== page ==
At this point it is getting close to sundown, and Antoine wants to go to the Sacré-Coeur. In spite of rush hour and frequent stops to listen to the street musicians all over town, we make it there just in time. On the massive steps in front of the cathedral is a lot going on; people gathering with beer and wine, and a group of musicians playing Gipsy Kings. Slowly the sun disappears and the city lights up. After a quick tour of Montmartre we try to head out. Having climbed up to the Sacré-Coeur (first out of the metro station, then up the stairs on the hill to make sure we get our exercise) on the other side, we are not completely sure how to get back down. Trying to figure out the map in front of a restaurant, Metta melts down and a friendly lady steps outside and asks if the little one would like a piece of bread. So kind. Plus we were probably disturbing her customers on the other side of the window. Whoops.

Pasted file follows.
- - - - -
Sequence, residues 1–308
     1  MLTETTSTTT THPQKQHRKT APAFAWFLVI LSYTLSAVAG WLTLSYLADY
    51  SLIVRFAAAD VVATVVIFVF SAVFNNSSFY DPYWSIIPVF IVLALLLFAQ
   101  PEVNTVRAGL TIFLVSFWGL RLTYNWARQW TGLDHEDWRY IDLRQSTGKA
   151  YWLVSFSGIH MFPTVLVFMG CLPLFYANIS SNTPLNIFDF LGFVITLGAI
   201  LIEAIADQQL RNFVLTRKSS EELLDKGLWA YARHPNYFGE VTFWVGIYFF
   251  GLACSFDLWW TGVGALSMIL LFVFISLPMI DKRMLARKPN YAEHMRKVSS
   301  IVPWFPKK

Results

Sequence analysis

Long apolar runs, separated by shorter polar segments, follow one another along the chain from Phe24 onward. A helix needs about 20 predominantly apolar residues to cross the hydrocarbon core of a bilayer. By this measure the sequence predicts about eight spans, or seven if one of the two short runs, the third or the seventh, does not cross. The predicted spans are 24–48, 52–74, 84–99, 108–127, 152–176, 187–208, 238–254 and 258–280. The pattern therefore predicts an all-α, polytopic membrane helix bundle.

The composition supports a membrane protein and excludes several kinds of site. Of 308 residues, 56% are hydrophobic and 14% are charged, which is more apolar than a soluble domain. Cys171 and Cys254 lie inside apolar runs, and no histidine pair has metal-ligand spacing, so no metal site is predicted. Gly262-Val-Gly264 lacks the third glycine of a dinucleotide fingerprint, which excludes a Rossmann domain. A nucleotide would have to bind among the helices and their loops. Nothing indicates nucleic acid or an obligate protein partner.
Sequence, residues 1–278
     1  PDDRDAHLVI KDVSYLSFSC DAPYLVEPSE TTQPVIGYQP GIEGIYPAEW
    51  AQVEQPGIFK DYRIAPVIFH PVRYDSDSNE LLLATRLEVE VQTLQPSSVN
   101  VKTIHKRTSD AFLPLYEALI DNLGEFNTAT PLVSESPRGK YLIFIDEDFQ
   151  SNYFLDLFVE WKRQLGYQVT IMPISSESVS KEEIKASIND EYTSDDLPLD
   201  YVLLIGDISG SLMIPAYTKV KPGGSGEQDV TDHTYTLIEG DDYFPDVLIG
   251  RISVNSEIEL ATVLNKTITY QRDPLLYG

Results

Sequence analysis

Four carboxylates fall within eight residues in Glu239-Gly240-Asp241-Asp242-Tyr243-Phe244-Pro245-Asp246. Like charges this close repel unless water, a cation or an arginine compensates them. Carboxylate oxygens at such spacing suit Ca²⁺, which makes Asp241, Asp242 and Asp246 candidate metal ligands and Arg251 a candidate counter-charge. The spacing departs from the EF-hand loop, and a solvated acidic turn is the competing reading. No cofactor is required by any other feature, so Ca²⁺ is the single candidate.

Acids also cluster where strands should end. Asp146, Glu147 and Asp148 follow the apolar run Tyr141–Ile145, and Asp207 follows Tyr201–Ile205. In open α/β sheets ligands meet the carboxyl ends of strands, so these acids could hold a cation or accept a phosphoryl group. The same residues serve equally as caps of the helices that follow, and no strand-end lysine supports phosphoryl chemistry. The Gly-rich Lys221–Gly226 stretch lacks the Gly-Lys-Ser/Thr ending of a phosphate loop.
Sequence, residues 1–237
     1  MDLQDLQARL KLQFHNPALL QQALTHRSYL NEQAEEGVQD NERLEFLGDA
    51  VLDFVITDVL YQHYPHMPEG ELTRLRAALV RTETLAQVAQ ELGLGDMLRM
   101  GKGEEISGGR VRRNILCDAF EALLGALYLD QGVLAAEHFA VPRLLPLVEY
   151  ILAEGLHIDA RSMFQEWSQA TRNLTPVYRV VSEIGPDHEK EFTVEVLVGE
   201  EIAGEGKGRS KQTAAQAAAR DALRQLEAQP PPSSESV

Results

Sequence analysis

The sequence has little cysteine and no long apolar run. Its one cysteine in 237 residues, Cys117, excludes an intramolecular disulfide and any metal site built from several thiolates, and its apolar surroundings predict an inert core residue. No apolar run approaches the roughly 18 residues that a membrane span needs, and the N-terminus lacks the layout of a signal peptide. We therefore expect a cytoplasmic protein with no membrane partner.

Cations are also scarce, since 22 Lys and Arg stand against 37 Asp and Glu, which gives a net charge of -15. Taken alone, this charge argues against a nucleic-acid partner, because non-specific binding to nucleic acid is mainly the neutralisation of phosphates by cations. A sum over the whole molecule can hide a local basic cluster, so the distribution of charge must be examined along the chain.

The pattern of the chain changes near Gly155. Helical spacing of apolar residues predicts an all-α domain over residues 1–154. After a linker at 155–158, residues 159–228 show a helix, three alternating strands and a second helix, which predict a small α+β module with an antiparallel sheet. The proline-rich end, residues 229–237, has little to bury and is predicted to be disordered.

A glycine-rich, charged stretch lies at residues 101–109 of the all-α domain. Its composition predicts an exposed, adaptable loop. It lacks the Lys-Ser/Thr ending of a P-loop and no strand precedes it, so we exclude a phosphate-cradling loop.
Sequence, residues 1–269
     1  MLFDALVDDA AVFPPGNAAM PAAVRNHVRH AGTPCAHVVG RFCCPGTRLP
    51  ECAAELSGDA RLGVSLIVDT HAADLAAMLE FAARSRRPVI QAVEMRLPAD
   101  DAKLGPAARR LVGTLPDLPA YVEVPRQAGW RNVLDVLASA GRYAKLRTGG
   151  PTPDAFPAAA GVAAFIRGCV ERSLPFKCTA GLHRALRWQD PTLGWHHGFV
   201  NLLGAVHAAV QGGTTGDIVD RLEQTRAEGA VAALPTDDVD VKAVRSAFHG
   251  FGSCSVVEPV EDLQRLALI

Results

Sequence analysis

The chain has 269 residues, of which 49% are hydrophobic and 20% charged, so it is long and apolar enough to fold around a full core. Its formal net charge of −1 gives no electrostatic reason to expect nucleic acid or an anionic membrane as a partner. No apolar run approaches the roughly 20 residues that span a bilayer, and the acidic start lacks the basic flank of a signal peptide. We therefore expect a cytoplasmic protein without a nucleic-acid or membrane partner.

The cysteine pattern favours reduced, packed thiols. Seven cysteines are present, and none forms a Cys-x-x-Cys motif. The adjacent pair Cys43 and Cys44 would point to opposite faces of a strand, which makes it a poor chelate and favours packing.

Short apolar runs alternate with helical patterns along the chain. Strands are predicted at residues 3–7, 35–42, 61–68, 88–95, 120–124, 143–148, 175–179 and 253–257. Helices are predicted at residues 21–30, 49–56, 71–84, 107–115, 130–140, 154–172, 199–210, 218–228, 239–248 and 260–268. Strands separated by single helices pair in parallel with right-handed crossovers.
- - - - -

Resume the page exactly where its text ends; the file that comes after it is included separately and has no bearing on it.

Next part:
The lady points us to the nearest metro station, and when we get down the hill we are also surrounded by stores and cafes again. It is past dinner time, so we get quiche, fruit and desert which we enjoy under a streetlight on a bench. We end up taking several metros to get to a walking distance from our temporary home, and crash into bed. For a change, all our kids sleep through the night. We have had a fantastic day in Paris, with a 2 year old, a 5 year old and a 7 year old in tow.